A federal judge refereeing a dispute over President Donald Trump’s state tax returns said he is leaning toward allowing New York to make a bid to have the case moved to that state.
A hearing Wednesday focused almost entirely on a proposal by a lawyer for New York who said state officials would agree to hold off delivering Trump’s state tax filings to House Democrats in return for a chance to challenge the D.C.-based court’s jurisdiction over the issue. Andrew Amer, representing the state, wants the case moved to New York, where legislators recently passed a law allowing state officials to hand over Trump’s tax returns if they are requested by the Democrats.
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“I am leaning towards adopting the New York proposal,” said District Court Judge Carl Nichols, a Trump appointee.
A lawyer for Trump, William Consovoy, sounded resigned to the proposal, while lawyers representing House Democrats said they did not have an opinion on it.
The question of jurisdiction will likely not be resolved for several weeks.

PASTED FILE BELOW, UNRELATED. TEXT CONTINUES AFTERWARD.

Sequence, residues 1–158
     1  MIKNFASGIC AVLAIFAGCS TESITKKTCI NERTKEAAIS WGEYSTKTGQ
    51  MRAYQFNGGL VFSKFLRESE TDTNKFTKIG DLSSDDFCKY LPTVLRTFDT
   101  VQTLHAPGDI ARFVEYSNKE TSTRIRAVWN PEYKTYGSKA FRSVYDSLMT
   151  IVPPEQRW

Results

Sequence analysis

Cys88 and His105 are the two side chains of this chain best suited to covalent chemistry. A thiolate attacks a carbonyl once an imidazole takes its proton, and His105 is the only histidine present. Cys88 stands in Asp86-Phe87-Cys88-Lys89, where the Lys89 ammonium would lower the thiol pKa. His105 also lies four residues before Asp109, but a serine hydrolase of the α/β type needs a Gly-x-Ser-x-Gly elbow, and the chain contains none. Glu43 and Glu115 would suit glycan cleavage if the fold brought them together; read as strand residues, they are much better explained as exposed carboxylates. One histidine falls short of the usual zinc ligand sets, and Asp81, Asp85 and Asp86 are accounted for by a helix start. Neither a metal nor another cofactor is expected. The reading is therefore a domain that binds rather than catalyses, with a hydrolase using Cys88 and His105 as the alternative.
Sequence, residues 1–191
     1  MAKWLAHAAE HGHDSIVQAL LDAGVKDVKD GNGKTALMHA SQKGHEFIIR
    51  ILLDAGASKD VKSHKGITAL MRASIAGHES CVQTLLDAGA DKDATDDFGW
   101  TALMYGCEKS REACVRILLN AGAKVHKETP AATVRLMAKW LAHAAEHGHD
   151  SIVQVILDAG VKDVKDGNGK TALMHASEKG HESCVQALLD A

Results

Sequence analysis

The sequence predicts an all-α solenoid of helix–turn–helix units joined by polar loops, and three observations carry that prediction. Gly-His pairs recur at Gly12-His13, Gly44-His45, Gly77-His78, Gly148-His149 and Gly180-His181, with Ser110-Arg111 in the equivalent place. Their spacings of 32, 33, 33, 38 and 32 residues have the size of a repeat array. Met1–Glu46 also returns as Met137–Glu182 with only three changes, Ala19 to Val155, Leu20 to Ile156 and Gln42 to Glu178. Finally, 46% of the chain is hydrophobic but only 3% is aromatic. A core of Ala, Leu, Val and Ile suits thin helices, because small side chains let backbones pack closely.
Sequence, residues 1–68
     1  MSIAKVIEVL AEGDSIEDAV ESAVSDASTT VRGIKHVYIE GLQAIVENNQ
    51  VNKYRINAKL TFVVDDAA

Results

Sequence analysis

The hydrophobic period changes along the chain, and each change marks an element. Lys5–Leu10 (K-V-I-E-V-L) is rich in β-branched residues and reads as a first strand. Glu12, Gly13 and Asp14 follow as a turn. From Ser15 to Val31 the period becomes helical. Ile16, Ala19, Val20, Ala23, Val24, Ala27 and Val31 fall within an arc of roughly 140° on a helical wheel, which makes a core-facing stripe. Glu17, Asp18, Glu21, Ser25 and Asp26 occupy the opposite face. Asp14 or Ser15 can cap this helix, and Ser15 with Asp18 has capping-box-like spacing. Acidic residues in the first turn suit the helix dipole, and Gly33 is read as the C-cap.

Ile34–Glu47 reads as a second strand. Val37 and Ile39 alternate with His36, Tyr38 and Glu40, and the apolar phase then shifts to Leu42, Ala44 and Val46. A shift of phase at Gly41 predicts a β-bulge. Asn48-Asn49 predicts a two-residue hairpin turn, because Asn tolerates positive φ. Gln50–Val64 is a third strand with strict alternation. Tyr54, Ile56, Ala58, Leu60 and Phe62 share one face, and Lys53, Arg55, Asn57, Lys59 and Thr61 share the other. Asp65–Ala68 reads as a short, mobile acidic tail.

Nichols has found himself in a conundrum in the case, in which Trump is seeking a restraining order to prevent Ways and Means Chairman Richard Neal from taking advantage of the New York law. Neal has not said whether he intends to request the tax filings.
Nichols said he doesn’t want to rule on restraining a request by Neal until the Massachusetts Democrat actually makes one, saying he doesn’t know what exactly Neal might want or why. But Nichols said he also doesn’t want the case to become moot if Neal gets Trump’s returns before the case is settled.
The judge asked the three sides earlier this week to try to come up with a compromise, but they were unable to agree on a plan. New York instead offered to hold off delivering any requested documents while the issue of jurisdiction is being decided.
The state said it would wait a week after any court decision before handing over any tax filings, in order to give Trump a chance to respond.